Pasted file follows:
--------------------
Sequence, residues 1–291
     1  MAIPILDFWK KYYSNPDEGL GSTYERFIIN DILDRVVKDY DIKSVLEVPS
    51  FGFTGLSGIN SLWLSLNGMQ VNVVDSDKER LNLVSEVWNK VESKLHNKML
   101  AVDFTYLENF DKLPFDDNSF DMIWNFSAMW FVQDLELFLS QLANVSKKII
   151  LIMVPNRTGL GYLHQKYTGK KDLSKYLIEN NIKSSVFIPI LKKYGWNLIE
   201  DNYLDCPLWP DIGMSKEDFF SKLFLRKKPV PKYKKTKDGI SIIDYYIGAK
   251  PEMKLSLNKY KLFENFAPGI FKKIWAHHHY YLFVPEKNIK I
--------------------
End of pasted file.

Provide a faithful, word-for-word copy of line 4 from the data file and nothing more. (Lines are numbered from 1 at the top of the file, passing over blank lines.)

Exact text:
   101  AVDFTYLENF DKLPFDDNSF DMIWNFSAMW FVQDLELFLS QLANVSKKII